Moss said the church has many congregations in California, Washington, Oregon, Colorado, and, of course, Oklahoma. There are three churches in the Oklahoma City area. But the church does not have a national headquarters, and, Moss said, it never will. "We're just different," Moss said last week at his farm near Vici. "I guess that's the best way to say it, we're just different."

Others in the Vici community accept the church members as decent, hard-working people, though they might disagree with their religious view. Said the Rev. Gary Jones, pastor of the Christian Church in Vici, "I think people respect their religious beliefs, (but) they are shocked that they don't doctor." Jones said the most everyone on the Vici area would agree that the church members are good neighbors. For example, Jones said, he would not hesitate to ask the church members for assistance if he needed help with a community project of some kind. "I don't agree with or endorse their beliefs, but anybody will say they're good people," Jones said. "They are very well-received here. Some people might think their religious views are a little eccentric."

Those religious views are based on a strict, literal interpretation of the Bible. "It's all right there," Moss said as he pointed to an open Bible. "We don't tell stories during services, it comes right out of there. If someone was to stand up and tell a story, he might get called down."

The foundation on which the church bases its rejection of standard medical practices is contained in many scriptures, the church members contend. The following verse from Chapter 16 of Mark in the New Testament illustrates that belief, "They shall take up serpents; and is they drink any deadly thing, it shall not hurt them; they shall lay hands on they sick and they shall recover."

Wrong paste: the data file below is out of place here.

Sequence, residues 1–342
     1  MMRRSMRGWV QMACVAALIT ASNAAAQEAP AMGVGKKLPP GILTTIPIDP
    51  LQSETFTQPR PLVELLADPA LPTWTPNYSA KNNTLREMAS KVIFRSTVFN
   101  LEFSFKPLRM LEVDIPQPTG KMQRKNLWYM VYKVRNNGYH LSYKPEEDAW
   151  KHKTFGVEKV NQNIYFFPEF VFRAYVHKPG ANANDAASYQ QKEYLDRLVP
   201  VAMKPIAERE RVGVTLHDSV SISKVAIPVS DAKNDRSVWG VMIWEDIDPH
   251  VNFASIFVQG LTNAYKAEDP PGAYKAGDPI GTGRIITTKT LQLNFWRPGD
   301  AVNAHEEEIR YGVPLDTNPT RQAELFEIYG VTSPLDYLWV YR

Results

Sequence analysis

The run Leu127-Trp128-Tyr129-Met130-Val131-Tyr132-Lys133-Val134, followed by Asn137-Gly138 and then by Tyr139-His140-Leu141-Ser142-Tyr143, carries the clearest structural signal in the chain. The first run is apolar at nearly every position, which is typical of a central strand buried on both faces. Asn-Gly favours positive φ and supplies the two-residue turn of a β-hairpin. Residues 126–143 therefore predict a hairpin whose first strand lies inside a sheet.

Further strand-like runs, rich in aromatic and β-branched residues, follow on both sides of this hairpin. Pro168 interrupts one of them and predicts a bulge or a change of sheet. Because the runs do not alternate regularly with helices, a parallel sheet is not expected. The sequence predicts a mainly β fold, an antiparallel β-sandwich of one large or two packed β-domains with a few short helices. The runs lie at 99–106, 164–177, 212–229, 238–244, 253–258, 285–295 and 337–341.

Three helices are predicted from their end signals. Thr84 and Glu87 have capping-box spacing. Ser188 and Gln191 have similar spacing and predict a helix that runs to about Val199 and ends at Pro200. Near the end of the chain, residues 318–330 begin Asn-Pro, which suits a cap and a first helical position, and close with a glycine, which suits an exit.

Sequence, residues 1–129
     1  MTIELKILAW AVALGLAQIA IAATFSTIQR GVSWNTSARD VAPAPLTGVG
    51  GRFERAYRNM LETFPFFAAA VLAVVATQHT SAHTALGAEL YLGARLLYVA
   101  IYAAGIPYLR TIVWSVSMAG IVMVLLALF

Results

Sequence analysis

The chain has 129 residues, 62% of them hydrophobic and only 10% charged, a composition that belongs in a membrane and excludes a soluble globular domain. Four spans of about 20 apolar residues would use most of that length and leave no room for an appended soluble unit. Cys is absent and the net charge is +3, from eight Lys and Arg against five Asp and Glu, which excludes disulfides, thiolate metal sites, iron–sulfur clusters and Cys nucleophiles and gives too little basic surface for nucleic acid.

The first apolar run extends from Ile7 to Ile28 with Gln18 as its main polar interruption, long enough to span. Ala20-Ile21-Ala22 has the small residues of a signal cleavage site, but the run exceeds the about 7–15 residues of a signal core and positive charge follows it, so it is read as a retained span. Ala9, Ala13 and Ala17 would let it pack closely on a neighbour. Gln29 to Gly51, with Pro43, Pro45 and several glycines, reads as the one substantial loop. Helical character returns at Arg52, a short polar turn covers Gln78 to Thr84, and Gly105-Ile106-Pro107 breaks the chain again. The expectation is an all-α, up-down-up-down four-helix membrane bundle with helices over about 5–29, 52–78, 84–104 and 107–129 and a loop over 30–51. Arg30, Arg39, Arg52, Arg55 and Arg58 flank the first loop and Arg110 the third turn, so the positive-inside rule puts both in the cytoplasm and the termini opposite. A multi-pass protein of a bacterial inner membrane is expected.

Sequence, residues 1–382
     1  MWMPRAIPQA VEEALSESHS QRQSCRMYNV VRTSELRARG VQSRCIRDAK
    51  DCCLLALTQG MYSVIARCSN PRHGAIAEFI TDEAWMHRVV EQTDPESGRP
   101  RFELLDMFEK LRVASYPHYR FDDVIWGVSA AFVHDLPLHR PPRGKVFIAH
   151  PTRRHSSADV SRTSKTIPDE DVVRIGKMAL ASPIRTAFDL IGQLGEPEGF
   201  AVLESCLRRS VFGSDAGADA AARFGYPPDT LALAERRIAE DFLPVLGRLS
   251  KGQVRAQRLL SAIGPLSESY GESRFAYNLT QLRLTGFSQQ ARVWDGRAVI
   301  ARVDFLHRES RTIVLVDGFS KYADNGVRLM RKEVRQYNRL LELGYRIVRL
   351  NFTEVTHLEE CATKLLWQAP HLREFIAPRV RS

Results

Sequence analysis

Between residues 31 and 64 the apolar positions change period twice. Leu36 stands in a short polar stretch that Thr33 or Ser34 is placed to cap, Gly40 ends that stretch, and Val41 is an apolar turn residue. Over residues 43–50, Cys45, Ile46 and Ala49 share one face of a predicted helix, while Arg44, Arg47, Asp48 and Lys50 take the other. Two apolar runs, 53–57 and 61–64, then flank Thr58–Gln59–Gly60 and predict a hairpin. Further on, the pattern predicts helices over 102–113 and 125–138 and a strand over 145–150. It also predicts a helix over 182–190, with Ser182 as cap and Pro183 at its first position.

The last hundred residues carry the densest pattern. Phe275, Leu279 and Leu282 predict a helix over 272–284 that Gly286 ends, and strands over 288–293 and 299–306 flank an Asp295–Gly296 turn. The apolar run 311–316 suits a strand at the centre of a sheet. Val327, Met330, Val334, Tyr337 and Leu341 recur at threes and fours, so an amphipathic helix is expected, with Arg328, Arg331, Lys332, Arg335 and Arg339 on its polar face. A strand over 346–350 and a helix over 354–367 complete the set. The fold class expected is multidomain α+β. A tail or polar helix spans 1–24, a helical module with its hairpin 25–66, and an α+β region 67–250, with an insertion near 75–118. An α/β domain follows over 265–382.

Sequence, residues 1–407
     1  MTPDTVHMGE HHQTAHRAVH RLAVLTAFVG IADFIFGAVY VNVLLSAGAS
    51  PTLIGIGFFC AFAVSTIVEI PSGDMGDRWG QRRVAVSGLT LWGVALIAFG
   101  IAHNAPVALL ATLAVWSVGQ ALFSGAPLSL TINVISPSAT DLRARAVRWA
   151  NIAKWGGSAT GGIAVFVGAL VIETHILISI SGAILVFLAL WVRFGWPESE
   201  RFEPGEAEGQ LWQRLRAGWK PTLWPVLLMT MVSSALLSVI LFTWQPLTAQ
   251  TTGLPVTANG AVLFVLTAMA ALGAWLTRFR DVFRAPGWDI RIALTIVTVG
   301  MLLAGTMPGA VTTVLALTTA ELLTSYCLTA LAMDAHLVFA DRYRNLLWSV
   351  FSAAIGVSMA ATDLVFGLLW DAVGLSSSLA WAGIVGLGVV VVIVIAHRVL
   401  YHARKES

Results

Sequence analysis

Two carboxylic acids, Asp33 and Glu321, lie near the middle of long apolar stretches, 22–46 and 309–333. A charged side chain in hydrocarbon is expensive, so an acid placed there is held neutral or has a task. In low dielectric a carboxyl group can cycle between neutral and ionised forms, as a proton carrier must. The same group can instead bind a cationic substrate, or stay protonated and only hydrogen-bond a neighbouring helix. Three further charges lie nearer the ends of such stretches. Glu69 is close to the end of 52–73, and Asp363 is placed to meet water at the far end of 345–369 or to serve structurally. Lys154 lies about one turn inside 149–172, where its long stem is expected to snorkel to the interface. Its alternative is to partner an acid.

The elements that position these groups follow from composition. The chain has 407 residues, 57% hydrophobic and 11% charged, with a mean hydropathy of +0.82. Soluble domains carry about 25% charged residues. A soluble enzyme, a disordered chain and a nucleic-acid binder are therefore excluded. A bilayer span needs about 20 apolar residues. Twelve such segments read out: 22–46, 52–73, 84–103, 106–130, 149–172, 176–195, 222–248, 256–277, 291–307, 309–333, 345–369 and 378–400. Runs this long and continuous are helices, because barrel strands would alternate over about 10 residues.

Besides their rejection of modern medicine, the members believe:

That they should not participate in war. If drafted into military service, a church member would request a non-combatant postion. Hopefully, this would be granted, they say. If not, their religious belief would supercede that of the law. 

That women should stay at home and raise the children. The church members, of course, reject the idea of a women's liberation movement. And they insist that the woman's role in a marriage is to care for her husband and childen.

That members of the church should greet one another with a "Holy Kiss." Church members point to specific chapters in the Bible that show the custom to be a written word of God. Men kiss men, women kiss women and this leads to criticism from outsiders, they say.

That church members wash one another's bare feet. This is done in the Vici church, for example, at social gatherings among church members. Again, they cite specific scripture to back up this believe.

That no one individual lead the congregation. Services are conducted by whomever "feels the calling." But they stress that only a literal interpretation of the Bible is allowed in services. Usually, there are two or more elders and a small group of ministry-type people who preach.